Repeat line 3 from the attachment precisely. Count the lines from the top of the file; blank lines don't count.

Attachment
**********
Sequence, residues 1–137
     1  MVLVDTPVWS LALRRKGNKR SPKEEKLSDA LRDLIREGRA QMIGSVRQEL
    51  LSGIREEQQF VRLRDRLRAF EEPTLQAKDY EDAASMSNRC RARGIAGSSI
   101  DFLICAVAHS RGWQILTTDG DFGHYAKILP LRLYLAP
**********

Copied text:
    51  LSGIREEQQF VRLRDRLRAF EEPTLQAKDY EDAASMSNRC RARGIAGSSI